The-Tenth-PlagueSeveral days ago I commented on a post on Adam Blumer’s Facebook page to be entered in a drawing for an e-version of his book, The Tenth Plague. I had thought I was entering to win his new book – which, if I’d thought about it for a second, I would have realized that wasn’t possible because it is not even out yet (I can be a little dense sometimes. 🙂 ). I did happen to win Adam’s drawing, and since I’ve already read The Tenth Plague (reviewed here, along with an author interview), I asked him if I could have a copy sent to one of you instead, and he agreed.

The story is a sequel to Adam’s first novel, Fatal Illusions (reviewed here), but can be read independently. It involves Marc and Jillian Thayer, who have just adopted a new baby boy, and a friend has invited them to  a Christian-themed resort for some rest and time together as a new family. But soon odd things begin to happen: someone rigs the water system to dispense what appears to be blood from the faucets. At first this is thought to be a weird prank, but soon other events occur which are based on the ten plagues of Egypt found in the book of Exodus in the Bible. Marc and a retired detective friend try to find out what is going on while Gillian runs into someone from her past who has hurt her deeply. One of the major themes in the book is the need to extend forgiveness.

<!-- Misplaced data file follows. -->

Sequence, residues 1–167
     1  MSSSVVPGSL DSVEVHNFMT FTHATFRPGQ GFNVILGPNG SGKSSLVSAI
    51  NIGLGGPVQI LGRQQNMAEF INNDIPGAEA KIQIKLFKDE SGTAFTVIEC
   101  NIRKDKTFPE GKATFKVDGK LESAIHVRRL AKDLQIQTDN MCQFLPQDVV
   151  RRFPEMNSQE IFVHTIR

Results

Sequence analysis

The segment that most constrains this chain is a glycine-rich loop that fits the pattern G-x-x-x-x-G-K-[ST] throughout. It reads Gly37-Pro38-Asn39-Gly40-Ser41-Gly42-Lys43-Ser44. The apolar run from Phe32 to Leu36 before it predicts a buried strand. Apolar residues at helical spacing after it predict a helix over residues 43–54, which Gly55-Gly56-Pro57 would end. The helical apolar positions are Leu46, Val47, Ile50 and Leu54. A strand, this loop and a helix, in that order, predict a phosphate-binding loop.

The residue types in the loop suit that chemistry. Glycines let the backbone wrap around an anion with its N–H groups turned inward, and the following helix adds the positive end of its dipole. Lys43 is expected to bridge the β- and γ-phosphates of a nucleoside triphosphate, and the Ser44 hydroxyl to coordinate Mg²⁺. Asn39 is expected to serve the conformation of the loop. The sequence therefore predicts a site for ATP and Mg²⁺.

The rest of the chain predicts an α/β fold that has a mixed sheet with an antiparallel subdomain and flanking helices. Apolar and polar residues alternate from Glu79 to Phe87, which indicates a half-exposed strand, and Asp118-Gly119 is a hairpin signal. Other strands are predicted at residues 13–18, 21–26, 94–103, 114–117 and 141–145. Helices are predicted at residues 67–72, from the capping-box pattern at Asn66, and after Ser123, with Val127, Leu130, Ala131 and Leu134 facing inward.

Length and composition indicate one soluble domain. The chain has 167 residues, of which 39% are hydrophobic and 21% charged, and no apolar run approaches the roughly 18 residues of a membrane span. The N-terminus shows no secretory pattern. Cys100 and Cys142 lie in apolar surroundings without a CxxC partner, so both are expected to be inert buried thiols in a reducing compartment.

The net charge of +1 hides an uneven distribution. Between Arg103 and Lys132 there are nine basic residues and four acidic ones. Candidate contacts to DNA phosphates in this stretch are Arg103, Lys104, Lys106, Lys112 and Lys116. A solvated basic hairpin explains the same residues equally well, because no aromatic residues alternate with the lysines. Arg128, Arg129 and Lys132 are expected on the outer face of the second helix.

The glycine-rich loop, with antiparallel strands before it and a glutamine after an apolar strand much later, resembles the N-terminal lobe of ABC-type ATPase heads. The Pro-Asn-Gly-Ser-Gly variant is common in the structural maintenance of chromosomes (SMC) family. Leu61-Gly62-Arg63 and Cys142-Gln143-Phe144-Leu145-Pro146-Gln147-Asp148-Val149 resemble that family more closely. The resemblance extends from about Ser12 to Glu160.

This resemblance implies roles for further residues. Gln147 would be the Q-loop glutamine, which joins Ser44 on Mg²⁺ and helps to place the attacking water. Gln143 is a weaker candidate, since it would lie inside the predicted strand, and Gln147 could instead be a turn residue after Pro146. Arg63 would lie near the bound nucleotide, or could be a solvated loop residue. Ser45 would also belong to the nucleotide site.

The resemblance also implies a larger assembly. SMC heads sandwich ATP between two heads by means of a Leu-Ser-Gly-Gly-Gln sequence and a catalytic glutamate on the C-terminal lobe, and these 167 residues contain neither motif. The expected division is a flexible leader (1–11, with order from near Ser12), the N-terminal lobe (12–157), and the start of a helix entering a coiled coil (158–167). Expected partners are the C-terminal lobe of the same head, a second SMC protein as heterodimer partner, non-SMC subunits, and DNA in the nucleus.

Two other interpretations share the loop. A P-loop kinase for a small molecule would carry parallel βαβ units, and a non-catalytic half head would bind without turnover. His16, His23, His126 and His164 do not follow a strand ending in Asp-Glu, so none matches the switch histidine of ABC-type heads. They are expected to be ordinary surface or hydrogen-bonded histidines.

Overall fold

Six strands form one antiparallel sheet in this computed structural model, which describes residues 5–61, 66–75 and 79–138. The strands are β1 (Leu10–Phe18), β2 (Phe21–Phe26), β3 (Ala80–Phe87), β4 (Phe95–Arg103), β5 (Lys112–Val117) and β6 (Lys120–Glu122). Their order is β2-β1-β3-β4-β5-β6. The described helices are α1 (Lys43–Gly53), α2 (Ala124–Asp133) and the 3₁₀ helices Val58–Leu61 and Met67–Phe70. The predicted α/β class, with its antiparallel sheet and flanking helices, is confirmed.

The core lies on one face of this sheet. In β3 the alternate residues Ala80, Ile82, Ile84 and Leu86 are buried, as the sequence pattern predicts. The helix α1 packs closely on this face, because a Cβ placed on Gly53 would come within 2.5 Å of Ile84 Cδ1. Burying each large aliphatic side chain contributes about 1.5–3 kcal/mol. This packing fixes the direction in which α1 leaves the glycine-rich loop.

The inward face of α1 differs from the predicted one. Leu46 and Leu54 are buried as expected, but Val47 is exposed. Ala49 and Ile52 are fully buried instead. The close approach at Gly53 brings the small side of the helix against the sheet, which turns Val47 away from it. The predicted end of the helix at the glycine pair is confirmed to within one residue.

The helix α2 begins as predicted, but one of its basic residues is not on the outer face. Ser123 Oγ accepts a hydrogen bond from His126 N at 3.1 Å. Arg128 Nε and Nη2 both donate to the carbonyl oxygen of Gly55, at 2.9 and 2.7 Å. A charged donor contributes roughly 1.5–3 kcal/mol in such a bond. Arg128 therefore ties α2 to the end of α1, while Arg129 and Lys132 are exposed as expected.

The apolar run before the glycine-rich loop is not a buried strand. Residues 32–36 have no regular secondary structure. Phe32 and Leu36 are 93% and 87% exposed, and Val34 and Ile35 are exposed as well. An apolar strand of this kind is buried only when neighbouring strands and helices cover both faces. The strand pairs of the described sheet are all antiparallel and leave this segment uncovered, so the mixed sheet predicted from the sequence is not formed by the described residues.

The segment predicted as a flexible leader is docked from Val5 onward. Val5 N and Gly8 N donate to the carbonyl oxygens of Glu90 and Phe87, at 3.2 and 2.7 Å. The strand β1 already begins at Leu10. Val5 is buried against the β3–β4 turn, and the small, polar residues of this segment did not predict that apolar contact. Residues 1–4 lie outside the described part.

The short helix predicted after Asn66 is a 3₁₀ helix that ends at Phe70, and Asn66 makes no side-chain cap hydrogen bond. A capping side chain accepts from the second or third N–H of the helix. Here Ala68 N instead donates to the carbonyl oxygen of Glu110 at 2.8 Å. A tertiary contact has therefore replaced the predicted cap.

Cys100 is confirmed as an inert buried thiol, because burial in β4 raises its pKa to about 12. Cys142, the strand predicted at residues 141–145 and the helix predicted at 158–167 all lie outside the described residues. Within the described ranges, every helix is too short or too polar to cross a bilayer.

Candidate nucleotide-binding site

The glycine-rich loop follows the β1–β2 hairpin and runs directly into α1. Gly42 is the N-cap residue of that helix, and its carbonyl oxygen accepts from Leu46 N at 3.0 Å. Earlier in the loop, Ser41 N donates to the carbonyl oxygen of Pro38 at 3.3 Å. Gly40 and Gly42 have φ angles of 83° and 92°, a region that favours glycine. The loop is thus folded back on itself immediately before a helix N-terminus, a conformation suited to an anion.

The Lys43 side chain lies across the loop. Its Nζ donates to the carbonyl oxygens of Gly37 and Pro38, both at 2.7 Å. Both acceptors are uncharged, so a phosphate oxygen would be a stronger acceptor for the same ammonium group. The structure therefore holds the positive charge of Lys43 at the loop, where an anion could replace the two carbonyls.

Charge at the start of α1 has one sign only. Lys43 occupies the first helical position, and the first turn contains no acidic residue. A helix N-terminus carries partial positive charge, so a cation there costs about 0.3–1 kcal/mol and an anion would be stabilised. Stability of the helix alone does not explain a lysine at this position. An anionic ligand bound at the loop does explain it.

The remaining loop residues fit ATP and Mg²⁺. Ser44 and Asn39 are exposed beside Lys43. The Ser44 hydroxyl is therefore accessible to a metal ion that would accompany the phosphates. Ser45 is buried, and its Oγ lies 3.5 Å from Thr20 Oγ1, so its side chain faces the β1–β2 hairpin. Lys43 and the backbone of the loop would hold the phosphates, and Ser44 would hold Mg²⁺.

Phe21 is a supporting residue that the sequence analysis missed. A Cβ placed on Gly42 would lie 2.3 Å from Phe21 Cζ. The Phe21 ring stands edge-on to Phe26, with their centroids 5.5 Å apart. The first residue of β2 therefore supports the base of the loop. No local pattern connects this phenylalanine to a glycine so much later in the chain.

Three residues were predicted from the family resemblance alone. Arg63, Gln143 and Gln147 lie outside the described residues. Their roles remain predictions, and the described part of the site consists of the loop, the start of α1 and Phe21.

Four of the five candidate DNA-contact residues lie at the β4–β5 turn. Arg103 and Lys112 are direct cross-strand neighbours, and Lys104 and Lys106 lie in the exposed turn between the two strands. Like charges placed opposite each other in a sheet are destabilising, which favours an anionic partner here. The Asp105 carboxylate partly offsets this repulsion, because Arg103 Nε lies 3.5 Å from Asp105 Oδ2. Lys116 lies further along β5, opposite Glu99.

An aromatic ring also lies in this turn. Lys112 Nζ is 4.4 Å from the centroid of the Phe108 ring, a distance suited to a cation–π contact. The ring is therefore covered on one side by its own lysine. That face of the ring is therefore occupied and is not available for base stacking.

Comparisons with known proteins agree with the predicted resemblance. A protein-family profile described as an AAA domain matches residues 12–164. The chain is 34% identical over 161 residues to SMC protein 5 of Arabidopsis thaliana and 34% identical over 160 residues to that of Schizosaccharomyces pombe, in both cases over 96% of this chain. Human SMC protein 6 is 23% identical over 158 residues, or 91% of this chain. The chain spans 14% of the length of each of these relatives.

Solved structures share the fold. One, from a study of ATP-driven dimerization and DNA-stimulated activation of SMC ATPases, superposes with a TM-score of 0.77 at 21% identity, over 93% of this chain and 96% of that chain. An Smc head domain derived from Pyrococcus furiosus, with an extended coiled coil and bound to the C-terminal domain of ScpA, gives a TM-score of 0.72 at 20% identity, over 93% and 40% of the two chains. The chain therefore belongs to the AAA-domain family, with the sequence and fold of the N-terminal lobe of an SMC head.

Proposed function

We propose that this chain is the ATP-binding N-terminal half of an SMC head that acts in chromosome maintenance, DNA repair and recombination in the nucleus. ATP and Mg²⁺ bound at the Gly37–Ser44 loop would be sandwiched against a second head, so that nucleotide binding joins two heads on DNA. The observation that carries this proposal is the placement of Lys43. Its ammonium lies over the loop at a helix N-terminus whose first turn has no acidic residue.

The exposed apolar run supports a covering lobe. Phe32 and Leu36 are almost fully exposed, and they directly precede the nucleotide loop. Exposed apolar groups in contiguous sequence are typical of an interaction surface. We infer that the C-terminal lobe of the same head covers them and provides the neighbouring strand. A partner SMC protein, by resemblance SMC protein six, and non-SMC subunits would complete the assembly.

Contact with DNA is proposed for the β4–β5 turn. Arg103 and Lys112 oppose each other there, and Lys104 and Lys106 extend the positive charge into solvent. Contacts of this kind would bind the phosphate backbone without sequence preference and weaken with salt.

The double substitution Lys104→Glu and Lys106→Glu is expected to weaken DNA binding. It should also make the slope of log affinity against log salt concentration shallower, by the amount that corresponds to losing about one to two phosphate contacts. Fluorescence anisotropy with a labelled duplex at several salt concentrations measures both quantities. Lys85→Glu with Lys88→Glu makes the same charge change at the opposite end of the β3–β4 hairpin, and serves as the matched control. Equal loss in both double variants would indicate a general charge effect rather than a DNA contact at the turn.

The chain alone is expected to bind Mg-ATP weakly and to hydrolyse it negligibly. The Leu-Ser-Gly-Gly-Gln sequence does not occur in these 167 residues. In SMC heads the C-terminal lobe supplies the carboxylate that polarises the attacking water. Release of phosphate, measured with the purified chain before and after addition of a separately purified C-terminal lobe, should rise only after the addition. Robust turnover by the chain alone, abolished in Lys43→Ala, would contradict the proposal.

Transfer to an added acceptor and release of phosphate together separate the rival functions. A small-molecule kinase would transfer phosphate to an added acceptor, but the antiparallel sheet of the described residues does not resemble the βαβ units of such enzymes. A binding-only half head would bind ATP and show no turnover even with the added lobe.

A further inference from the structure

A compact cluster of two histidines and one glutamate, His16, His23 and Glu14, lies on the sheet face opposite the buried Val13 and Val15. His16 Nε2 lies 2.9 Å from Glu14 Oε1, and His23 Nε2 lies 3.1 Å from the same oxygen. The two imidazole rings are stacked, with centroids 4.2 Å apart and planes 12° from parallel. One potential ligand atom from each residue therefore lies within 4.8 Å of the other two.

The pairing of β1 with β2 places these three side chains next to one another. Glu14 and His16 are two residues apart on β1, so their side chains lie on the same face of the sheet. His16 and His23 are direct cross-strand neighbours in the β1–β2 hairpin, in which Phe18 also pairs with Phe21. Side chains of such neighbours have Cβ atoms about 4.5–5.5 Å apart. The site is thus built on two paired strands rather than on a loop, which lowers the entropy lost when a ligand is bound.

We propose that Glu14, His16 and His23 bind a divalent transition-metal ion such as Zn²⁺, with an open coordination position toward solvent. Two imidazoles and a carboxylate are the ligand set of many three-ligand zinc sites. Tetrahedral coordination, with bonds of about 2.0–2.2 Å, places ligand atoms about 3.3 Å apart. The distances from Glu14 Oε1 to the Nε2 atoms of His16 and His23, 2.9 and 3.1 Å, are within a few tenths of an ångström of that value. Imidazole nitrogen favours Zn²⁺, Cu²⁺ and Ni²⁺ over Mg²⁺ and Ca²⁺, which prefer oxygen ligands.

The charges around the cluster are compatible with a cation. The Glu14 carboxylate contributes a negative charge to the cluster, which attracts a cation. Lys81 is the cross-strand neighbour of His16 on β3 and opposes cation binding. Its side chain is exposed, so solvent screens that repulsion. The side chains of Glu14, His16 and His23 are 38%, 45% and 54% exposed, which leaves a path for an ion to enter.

Adam writes suspense very well, and his characters are realistic, everyday Christian people trying to discern and apply God’s will in their circumstances.

You can read an excerpt here.

If you’d like to be entered in a drawing for a free Kindle or Nook version of The Tenth Plague, leave one comment on this post. I’ll use random.org to draw a name from among the comments next Wed. morning (June 4).

The drawing is concluded and the winner is Lou Ann! I’ll be contacting her shortly. Thank you all for entering!

The Tenth Plague: Book Review and Author Interview

The-Tenth-PlagueIn The Tenth Plague by Adam Blumer, Marc and Jillian Thayer have just adopted a new baby boy, and a friend has invited them to  a Christian-themed resort for some rest and time together as a new family.

When they arrive, however, the retreat is in upheaval. A company planning a new Bible translation is having meetings at the resort, and a throng has arrived to protest. Someone rigged the water system to dispense what appears to be blood from the faucets. What seems an odd prank is soon discovered to be the first in a series of events based on the Biblical ten plagues of Egypt, some of them resulting in fatalities. Marc calls on a friend, a retired homicide detective, to help with the investigation as the plagues escalate.

Gillian, meanwhile, runs into someone who has hurt her deeply in the past. She thought she had put it all behind her, but the old anger and hurt rush back in like a flood,  and she wrestles with the need to extend forgiveness.

The Tenth Plague is a sequel to Fatal Illusions, Adam’s first book (which I reviewed here), but you don’t have to have read the first book to understand and enjoy the second. Both books are tremendously suspenseful and feature realistic, everyday Christian people trying to discern and apply God’s will in their circumstances. I enjoyed them both very much!

Here is an interview with Adam:

blumer_adam_portrait

What was your inspiration behind The Tenth Plague?